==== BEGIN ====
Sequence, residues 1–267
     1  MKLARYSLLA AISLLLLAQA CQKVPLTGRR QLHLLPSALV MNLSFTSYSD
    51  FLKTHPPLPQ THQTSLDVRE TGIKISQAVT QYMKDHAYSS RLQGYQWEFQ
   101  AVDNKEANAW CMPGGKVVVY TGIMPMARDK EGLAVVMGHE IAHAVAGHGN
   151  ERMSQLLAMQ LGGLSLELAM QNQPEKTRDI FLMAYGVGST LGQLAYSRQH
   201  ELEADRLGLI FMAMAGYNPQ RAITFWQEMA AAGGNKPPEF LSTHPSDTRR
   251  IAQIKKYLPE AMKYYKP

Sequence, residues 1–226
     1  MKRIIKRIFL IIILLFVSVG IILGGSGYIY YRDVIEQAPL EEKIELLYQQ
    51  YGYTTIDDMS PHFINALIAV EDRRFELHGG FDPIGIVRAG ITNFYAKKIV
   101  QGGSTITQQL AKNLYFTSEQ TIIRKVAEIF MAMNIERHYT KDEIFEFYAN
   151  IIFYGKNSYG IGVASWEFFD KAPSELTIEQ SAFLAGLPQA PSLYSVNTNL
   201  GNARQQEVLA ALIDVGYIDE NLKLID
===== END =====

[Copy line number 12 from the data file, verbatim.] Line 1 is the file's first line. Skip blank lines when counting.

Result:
   151  IIFYGKNSYG IGVASWEFFD KAPSELTIEQ SAFLAGLPQA PSLYSVNTNL